OLD LYME – For decades, Morgan horses were the centerpiece of the McCulloch family farm, before significant portions of the property were deeded to open space for the town. Now, a couple from Essex are hoping to return horses to the farm, and are asking the town to allow some horseback riding to return to the trails on open space land.
Mike and Amanda Tevis intend to buy a piece of the farm owned by the Vasiloff family to keep horses on the property to ride.
The Vasiloffs told CT Examiner that they fully support the plan as a way to make sure the legacy of the farm, and Mary Jean Vasiloff, who kept Morgans on the property for decades, are protected.
The Tevises have offered to pay the town an annual fee so that they and their friends can ride on trails in the form of a 99-year, non-exclusive lease of 312 acres of open space.
The town’s Open Space Commission approved the idea of allowing horses on the open space in principle, and passed the proposal on to the Board of Selectmen to vote on the idea on Monday evening. The details of the arrangement would still need to be finalized before either the Open Space Commission or Selectmen approve a final agreement.
Commission members expressed some concerns that they wanted to see addressed in the final agreement – potentially requiring the Tevises to remove any horse manure from the trails, and not allowing horses on the “yellow” trail that comes to a dead end.
The commission also discussed adopting a memorandum of understanding with voluntary donations, rather than a lease, over concerns that accepting payment in a lease agreement could open the town to liability in the event a rider is hurt on the open space. Commission Chair Amanda Blair said a lease may also need to go to town meeting for approval.
The commission decided on Monday to let the town attorneys negotiate the agreement, and determine the best way to protect the town.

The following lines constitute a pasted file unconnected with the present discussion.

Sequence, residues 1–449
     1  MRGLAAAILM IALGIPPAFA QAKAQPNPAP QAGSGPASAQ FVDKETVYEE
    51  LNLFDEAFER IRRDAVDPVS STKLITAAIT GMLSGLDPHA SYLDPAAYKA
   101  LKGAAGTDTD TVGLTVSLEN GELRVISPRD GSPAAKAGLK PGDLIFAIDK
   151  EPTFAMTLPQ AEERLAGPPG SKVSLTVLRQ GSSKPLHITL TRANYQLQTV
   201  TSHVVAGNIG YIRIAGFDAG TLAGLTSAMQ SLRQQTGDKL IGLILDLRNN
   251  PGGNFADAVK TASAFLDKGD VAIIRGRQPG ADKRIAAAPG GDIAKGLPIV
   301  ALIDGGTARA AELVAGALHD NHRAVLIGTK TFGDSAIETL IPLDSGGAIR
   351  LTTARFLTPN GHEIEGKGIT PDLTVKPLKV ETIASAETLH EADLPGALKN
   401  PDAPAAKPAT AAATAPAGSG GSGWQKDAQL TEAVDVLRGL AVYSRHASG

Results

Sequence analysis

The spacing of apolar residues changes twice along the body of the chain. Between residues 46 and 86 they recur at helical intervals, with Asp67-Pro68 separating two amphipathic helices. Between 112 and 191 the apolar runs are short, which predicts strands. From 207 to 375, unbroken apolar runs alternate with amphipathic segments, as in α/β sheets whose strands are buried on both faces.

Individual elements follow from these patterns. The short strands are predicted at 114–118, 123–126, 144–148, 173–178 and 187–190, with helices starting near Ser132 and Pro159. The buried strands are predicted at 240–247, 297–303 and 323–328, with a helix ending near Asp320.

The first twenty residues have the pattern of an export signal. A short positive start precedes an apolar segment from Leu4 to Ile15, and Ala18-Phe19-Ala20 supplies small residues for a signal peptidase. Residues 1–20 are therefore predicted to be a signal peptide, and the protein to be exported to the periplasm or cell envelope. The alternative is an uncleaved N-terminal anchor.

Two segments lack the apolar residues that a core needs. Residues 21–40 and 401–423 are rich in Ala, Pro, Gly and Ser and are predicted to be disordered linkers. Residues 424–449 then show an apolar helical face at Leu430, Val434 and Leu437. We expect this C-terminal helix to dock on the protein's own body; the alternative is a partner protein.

Speaking to the commission in April, Mike Tevis said there would not be any horses brought from outside on trailers, and that the only horses to ride on the trails would be kept on an adjacent property they intend to buy. He told commission members that they were trying to maintain the property in the way it was used by the McCulloch family.
Mike Tevis told the commission last month that they were asking for the limited lease in an effort to avoid making “global policy decisions” for the town. The idea wasn’t to open the trails to any horse, they want to keep five to ten horses on the property for the family and their friends to ride, with no horses brought in on trailers, according to Tevis.
Amanda Tevis assured the commission that horseback riding is compatible with the other uses of the trail, including walking and cycling, and they agreed to post signs at the trail entrances educating people on how to interact with riders, and would clean up any manure on the trail.
“We really want to do this, and be a neighbor, and be a part of the community,” Amanda Tevis told the commission at its April meeting.
Horses have been central to the farm and land for about 80 years, since Mary Jean Vasiloff got a horse named Duke – originating the Morgan breed line that Jean cultivated for decades.
“He was like the perfect horse,” Jean’s daughter-in-law Marsha Vasiloff said. “Maybe 80 percent of her bloodlines originated to that horse.”
According to Marsha Vasiloff, Jean McCulloch dedicated her life to horses, and the family has worked hard to preserve the land.
In 2019, David McCulloch sold his 300 acres to the town as open space.
But with the demands of full-time jobs, Shauna and Jesse Vasiloff say they no longer have the time and energy to care for horses.
“As a kid I could wake up, go do chores and get dropped off at the bus stop, and that was fine,” Shauna said. “Now it’s like, do I want to bust up ice buckets every morning before going to work? No, I don’t. We need to find somebody who can dedicate their focus and time, which the Tevises are not only promising to do, but they’re passionate about doing it.”
Ensuring horseback riding on that property was important to the family, according to Marsha Vasiloff, and a conservation easement for the property reserves the family’s right to “outdoor recreational activities” on it – specifically reserving the right to ride horses.
“Riding a horse through there, it takes you back centuries,” said Vasiloff.
The town considers the McCulloch Farm a “signature property,” and the 300-acre property David McCulloch sold to the town as open space in 2019 was hailed as a “missing link” – connecting the Ames Open Space and Lay Preserve into a continuous, 700-acre space with a network of trails.
“This time that we live in, we’re losing so many great resources,” Shauna Vasilof said. “I don’t think people necessarily understand what an amazing resource it is, and what it can contribute to younger people – the respect for the land. And that’s the reason that our family wanted to protect it is to make sure that it will be there for generations to come.”